A User’s Guide to Face Masks



How to put a mask on and take one off

Always wash your hands first. Don’t touch the fabric part of the mask — that’s essentially the germ filter, and you don’t want to spread whatever germs it has trapped. Use the ear loops or ties to secure your mask and to remove it. The coverage area should go from near the bridge of your nose to down under your chin and stretch about halfway or more toward your ears. Pull the ties and loops so that it fits as snugly as possible against your face. If your mask has pleats, the folded side should be down.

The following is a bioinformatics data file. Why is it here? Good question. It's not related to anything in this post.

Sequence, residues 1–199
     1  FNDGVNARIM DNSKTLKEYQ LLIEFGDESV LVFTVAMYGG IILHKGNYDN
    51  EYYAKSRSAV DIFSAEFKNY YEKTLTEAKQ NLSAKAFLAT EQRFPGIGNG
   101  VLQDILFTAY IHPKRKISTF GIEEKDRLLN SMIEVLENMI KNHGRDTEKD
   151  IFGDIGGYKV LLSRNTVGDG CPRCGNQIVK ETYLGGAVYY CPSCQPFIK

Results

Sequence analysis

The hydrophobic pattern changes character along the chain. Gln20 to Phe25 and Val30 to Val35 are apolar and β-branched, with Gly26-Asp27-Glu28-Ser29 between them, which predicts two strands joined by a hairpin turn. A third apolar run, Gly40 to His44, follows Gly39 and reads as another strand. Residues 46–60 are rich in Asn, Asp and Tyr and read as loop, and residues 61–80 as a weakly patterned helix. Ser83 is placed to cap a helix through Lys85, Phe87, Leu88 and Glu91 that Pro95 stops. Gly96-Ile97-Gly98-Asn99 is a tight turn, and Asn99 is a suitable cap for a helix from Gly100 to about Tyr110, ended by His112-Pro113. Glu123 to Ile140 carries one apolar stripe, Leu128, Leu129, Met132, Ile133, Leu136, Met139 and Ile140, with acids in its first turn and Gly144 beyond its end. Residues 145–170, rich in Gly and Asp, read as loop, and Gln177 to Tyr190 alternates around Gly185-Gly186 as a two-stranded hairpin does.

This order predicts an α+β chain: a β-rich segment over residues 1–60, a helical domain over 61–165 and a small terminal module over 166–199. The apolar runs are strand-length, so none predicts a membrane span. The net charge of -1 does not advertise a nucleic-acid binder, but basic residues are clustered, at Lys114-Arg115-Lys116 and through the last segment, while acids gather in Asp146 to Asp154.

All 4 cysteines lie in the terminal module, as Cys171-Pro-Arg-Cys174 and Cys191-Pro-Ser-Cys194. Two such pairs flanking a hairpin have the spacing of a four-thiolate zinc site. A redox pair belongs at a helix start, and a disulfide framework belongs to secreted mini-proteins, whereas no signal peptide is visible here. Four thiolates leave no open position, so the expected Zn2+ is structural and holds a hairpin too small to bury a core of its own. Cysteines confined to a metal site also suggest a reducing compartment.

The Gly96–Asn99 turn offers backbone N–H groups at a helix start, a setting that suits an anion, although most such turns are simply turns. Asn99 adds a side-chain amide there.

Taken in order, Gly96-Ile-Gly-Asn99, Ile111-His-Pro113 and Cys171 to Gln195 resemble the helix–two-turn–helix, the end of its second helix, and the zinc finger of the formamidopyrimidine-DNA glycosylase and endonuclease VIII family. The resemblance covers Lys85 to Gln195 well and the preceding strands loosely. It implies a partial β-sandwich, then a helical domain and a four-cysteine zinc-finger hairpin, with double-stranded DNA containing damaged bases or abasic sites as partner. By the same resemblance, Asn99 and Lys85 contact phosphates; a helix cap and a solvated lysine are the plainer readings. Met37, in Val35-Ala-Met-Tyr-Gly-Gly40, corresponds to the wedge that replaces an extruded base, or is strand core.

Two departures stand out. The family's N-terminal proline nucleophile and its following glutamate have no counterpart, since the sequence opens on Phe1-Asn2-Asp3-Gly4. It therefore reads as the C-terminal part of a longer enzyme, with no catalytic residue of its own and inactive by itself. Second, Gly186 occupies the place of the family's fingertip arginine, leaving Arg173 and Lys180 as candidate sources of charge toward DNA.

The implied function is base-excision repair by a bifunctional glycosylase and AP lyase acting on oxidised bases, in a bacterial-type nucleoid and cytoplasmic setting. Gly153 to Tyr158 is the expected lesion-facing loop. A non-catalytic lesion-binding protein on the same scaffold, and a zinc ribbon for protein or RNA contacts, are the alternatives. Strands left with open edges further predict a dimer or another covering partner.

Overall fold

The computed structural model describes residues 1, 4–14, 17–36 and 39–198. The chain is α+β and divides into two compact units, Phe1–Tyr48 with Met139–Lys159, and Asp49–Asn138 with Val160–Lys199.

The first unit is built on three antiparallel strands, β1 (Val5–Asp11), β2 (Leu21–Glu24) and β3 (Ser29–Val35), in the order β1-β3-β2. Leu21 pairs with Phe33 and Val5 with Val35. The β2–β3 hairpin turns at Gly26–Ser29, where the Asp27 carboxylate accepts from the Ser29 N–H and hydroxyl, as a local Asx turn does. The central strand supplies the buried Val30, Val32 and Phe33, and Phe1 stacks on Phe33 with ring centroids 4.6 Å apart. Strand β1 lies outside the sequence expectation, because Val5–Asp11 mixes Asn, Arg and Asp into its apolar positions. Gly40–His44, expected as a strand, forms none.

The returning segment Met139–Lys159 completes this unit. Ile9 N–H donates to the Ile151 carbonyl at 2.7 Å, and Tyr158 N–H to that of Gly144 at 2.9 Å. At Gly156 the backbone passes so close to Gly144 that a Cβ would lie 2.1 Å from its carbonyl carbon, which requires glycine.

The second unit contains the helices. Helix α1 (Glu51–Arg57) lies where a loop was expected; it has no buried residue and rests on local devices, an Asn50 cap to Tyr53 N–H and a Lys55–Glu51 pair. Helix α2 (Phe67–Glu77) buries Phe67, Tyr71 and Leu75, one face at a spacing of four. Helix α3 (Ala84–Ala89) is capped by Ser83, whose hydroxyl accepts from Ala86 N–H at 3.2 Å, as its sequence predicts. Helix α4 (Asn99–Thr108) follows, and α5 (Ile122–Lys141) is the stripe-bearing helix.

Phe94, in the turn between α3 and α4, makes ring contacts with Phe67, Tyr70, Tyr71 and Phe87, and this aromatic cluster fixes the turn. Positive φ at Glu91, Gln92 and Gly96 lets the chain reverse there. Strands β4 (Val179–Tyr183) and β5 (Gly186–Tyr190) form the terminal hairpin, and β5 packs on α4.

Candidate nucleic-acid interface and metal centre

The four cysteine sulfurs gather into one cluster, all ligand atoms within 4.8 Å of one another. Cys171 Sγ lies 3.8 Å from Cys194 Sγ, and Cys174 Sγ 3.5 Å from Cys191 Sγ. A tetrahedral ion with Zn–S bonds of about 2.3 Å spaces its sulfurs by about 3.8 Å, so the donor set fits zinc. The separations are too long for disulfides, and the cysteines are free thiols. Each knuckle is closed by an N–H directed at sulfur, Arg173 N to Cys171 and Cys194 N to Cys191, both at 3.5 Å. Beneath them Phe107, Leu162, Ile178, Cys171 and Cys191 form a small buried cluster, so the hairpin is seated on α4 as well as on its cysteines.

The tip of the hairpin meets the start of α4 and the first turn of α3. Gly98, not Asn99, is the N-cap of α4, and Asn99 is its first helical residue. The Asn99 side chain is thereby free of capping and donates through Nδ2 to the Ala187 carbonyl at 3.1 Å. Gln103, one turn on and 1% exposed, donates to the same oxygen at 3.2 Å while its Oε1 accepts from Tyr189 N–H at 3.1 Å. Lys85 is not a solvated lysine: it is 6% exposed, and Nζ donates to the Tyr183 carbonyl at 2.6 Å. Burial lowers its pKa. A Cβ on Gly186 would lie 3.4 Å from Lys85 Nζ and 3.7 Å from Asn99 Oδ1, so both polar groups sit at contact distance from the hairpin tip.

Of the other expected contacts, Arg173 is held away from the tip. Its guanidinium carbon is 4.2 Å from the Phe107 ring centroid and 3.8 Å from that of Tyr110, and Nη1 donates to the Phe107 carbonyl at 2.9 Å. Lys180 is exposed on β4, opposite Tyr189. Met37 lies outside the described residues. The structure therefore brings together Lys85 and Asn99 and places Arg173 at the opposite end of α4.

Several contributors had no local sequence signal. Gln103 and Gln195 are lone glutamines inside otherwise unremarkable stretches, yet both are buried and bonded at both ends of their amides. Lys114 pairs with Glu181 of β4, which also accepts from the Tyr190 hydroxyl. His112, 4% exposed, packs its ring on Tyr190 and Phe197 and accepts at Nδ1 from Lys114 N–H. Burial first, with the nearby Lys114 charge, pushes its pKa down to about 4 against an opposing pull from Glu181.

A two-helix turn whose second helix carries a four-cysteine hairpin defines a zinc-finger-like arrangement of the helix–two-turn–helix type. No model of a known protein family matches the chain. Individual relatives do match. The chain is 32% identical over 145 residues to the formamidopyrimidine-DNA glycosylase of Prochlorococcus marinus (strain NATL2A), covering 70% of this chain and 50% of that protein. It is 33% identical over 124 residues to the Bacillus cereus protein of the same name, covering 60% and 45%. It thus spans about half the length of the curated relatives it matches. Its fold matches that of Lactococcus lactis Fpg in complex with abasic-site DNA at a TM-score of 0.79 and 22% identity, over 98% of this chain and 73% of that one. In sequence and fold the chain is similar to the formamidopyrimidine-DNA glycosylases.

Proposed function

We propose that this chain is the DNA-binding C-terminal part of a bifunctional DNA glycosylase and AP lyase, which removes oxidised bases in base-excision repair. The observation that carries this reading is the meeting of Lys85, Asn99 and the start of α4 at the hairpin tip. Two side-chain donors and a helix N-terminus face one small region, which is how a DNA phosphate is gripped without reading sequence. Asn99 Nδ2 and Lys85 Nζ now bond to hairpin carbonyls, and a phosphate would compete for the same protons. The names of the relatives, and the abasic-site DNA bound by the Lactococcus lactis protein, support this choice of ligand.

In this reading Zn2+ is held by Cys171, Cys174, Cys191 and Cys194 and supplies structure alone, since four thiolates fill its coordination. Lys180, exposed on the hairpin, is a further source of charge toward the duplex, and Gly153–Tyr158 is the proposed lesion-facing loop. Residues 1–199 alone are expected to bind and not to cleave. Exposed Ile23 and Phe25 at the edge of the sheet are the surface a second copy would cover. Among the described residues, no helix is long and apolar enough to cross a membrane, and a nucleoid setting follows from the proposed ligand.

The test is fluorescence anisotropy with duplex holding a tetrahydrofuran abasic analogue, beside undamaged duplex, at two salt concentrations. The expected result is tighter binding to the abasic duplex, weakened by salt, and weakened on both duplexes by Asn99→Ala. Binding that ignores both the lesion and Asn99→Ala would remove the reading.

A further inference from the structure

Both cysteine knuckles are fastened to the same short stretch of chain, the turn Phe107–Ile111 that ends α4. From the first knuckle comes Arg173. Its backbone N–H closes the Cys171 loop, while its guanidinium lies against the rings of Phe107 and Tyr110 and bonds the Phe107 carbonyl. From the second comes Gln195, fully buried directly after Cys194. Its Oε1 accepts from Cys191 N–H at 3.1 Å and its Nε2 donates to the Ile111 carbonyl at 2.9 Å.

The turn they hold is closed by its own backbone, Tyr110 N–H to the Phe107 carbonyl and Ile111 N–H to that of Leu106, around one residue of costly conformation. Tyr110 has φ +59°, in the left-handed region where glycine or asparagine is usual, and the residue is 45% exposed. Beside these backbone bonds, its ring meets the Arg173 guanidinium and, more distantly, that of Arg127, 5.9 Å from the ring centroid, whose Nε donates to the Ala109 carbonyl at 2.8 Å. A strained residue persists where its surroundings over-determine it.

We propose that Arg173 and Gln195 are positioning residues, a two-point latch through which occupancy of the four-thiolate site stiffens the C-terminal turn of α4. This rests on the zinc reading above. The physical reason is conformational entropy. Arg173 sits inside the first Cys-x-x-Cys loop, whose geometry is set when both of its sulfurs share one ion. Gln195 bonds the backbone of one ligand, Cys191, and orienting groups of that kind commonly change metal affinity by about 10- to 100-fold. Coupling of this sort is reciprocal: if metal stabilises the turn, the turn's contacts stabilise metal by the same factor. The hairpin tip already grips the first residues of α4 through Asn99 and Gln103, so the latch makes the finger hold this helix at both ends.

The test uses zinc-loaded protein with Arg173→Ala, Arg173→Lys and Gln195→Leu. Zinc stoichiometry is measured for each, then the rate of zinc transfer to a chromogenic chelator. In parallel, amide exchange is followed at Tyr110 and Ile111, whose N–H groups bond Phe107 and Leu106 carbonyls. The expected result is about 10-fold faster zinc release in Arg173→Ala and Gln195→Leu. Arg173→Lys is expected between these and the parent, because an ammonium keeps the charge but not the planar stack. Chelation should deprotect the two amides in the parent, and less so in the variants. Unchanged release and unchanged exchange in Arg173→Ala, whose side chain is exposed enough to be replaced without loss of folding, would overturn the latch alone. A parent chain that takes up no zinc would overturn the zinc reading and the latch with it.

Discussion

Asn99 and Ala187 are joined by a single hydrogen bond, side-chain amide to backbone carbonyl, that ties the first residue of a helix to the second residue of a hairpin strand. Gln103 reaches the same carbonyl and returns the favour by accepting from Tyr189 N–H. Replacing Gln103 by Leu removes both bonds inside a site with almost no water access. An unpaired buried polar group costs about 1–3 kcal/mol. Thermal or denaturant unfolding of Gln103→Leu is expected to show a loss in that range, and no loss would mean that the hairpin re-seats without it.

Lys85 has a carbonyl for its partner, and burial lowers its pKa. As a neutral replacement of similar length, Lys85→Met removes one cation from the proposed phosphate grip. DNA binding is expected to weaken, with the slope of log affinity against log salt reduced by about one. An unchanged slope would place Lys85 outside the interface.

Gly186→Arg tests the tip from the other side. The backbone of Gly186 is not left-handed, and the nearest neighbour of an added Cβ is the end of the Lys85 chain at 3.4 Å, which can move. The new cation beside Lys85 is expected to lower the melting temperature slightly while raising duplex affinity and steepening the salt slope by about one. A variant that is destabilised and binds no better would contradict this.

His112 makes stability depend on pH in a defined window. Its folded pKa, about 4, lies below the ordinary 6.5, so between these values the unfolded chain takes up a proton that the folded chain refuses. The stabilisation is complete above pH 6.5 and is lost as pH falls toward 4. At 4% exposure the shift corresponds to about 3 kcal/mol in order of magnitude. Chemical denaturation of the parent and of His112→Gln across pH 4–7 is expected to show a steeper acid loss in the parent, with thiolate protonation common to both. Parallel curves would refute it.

The writer Peter Hessler, who recently wrote about life in lockdown in China for The New Yorker, created names for the various ways in which people take breaks from masks while wearing them as a way to explain the right and wrong ways to wear a mask to his daughters. The “holster” is a mask pulled down and resting on the neck. The “flap jack” happens when a person takes one ear loop off to talk on the phone. And then there’s the “low rider.” “This is when you pretend that you are obeying the rules, but actually tug the mask down so that your nostrils are uncovered,” he said. All can make the mask far less effective in protecting against germs.

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